The service notifications bar on top of the screen allows you to see the network status, message updates, alarm status, battery condition, SD card availability and music player state.
On the bottom of the screen shortcuts lead you to Dial, Contacts, and Menu. Press of Menu leads you to a single screen with 3 x 4 icon grid, half of the icons being AT&T related applications. Press on the Settings will take you to the actual phone settings. Everything is pretty straight forward, easy to adjust to and use.
Like most Samsung touchscreen phones, the Sunburst has widgets that can be installed on the screen(s), customizing your phone to your taste and creating fast and convenient access to a variety of features and information. The available widgets include some of the carrier related applications (AT&T Social Net, AT&T Navigator, App Center,) as well as generic ones (Analog Clock, Digital Clock, Dual Clock, Create Message, Photo Favorites, Voice Recognition, Mobile Web, MySpace, Facebook, Today, Calendar, Favorite URL, Picture, Games, Widget Memos (3), Message Inbox, Record Audio, Memo, Timer, Birthday, Sound Profile, Bluetooth, Calculator, Video, Yahoo! Search and MSNBC). You can choose which ones you want to see in the Widget menu. There is also a highly useful Events Widget that shows you what happened while you were knocked out after a fun filled Saturday night. It pops up automatically if you missed a call, got a message, etc. and allows you to listen to a voicemail, call back or answer a text without going through the menu, right from the desktop. Obviously, having these shortcuts available at a touch of a finger is amazingly convenient, but on my particular phone they often just piled up on top of each other on the desktop by themselves and had to be moved back to where they belonged.
Overall there are 30 widgets available on the phone. No other phone manufacturer today can provide such a variety and flexibility of interface on a feature phone. There are three screens you can place the widgets on and you move between them by flipping them with your finger.
Caller ID shows only the number, but no name of the caller like home or office system, which makes call screening on the go not very comfortable. Luckily, Sunburst allows to block callers, so should you wish to have a Black List it is easy to accomplish.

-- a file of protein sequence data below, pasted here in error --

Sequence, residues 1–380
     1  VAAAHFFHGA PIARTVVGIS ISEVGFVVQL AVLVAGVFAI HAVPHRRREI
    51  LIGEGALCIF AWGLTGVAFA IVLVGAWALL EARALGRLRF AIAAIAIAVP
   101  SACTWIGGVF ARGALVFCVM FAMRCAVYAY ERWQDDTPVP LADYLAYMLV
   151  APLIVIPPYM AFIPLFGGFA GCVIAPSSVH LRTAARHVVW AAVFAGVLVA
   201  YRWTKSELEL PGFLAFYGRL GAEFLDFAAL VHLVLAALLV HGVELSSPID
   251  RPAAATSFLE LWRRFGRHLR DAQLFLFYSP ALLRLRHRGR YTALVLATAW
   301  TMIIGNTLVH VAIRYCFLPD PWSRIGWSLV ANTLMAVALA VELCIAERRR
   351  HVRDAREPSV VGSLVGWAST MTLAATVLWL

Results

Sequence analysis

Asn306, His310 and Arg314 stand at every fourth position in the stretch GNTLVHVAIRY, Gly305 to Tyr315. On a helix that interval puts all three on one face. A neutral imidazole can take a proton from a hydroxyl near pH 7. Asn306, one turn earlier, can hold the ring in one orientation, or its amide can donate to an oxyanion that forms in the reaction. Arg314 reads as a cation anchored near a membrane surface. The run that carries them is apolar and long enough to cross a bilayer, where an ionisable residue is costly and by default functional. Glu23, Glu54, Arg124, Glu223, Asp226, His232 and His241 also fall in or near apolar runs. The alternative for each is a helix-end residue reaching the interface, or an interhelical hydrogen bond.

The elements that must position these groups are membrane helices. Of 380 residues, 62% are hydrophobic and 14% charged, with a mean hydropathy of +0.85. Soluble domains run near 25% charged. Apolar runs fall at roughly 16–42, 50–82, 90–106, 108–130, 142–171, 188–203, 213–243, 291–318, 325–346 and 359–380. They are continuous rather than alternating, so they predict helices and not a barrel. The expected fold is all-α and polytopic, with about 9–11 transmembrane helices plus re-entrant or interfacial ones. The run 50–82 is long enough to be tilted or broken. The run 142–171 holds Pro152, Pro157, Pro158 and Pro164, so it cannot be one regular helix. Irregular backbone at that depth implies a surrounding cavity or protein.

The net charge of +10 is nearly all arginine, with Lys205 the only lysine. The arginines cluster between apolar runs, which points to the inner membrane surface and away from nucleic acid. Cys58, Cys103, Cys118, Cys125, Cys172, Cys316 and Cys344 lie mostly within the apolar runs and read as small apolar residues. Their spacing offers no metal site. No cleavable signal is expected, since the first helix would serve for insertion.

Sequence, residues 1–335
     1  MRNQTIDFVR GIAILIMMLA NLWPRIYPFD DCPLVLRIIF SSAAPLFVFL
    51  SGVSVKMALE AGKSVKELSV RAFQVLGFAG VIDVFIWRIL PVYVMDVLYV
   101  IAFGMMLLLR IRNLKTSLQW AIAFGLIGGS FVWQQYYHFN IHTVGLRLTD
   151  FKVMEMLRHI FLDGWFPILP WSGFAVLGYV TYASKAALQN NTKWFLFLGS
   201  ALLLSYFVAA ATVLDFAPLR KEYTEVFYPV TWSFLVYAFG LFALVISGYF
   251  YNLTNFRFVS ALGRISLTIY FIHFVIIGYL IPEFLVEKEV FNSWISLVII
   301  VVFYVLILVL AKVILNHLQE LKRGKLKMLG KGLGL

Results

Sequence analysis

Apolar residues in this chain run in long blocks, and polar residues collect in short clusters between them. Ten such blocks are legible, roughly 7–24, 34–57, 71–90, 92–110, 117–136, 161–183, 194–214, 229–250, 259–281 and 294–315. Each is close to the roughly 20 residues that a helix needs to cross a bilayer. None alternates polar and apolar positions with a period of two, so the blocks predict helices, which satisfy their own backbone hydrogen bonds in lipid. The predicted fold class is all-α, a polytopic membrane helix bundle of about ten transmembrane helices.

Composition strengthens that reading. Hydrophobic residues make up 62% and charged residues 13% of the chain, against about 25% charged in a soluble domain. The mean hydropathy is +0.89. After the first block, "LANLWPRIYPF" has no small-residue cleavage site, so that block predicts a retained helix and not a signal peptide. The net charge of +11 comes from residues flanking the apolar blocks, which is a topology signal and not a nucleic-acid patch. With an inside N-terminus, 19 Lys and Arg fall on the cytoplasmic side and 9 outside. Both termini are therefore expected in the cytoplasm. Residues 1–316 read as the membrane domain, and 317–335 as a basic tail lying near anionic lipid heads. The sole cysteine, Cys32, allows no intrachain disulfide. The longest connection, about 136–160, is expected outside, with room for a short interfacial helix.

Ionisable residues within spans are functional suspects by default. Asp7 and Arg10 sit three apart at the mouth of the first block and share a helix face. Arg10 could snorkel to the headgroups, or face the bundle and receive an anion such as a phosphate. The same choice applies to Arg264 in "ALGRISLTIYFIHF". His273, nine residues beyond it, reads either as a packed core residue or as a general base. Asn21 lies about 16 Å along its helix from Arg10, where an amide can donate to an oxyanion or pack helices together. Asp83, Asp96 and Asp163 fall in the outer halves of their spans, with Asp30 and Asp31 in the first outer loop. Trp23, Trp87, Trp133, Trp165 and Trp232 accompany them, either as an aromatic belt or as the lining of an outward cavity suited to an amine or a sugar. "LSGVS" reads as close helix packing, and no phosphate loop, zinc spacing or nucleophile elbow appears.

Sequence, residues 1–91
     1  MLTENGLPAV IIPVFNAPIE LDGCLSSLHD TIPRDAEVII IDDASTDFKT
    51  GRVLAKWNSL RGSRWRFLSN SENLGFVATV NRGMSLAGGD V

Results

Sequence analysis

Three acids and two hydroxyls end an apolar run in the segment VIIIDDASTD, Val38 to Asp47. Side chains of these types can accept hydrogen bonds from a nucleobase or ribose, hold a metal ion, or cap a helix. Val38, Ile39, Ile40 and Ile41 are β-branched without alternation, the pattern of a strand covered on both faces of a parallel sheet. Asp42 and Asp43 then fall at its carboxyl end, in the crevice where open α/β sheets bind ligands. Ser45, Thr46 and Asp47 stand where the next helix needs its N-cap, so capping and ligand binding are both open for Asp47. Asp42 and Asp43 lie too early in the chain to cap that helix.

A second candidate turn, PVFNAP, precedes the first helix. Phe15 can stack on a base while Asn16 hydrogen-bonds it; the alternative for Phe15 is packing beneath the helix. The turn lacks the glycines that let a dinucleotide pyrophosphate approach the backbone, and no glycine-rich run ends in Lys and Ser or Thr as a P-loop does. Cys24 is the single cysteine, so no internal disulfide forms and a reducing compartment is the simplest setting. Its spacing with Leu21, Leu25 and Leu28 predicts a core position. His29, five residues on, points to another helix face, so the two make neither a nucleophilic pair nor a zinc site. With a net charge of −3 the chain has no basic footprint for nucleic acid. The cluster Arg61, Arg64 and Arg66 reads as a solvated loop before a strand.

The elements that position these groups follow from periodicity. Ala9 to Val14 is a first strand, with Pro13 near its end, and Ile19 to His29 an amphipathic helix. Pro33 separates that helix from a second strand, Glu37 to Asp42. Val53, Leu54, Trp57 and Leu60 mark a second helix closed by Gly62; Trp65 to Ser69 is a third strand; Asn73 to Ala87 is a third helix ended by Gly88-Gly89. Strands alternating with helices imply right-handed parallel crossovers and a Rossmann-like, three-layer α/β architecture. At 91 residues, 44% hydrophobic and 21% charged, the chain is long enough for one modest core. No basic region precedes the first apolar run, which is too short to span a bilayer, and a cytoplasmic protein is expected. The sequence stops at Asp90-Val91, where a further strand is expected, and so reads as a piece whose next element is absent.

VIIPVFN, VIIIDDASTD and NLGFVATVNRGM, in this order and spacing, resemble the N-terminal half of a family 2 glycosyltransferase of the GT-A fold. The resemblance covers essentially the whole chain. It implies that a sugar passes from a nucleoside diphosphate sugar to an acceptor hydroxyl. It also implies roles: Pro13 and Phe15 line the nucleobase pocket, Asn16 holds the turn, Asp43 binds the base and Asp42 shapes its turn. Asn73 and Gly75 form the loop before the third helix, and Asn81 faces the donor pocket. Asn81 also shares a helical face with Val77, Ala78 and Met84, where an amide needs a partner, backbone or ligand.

Conference calling or three way calling is possible.
Voice recognition, powered by Nuance Communications technology, is easy to use via a dedicated widget and works with a very high rate of voice recognition (no mistakes in my limited use). It’s somewhat annoying inevitable confirmations of what you’ve just said can be turned off.
The phone comes with 9 one-touch speed dial (#1 is used for voicemail by default).
164 contacts transferred over Bluetooth from Nokia 5530 within a couple of minutes (Picture ID did not transfer) without any glitches.
Access to the Contacts is available through a one touch button on the bottom of the standby screen. Once pressed, a list of contacts opens up in alphabetical order with a shortcut for a phone call to the right of each name. On the top of the list is a search window and if you do not want to scroll through all of your contacts you can use it. There are two not very convenient details about search: only two contacts are showing as the result at one time, so if you have 5 Johns in your phonebook you’ll either have to enter the full name and start to type the last name or try to scroll through all the search results. The problem the window left on the screen for the results is there is the relatively small (remember, 2 contacts are showing at the same time), so it is easy to screw up. The second problem is that Search is not showing all the contacts with the searched letter combinations in both first and last names, so if you forgot the first name of somebody in your phonebook, you are in trouble as there is no search by last name alone.
To see the particular contact details you need to enter the contact. For a feature phone the phonebook is very good and allows you to enter multiple mobile, home, office, fax, other numbers (one of the numbers is default), email addresses, URL, DTMF to dial extensions, Nick Name, Company, Job Title, Addresses for home and business, assign a picture and a ringtone. Unfortunately, there is no Date of Birth option; that has to be done via Calendar.
On top of the Contacts list is a fall down menu allowing you to quickly go into Groups and Favorites (speed dial).
Talking about the Groups, the phone comes with some, but you can edit and delete them as well as create new ones. You can assign a distinct ringtone to a Group and also use it to send group members messages at once.
Call logs are 30 calls long for each of the Made, Received and Missed categories.
Click on the call and you can see the date, time and duration of the last three calls to or from this number, depending on which part of the phone list you are in as well as a total number of calls to/from/missed from this number in the phone’s memory. You are also given a convenient option of calling that number or messaging to it right from the log. All calls to and from the same number are showing in the list separately.
SMS – gives you an option of a regular 3x4 keypad, a full QWERTY keyboard or handwriting recognition. The last one is acceptable in my experience, but you have to practice, so it’s more of a toy. Phone does not support predictive text input in Portrait mode, but does in Landscape.
The full QWERTY keyboard is relatively comfortable for the screen of this size.
You can send text, picture and video messages, the latter two also directly from the camera interface.
Once you opened a text message you can go through all the messages in your Inbox by without going back – just press the Left or Right arrow on top of the screen and the next open message will appear.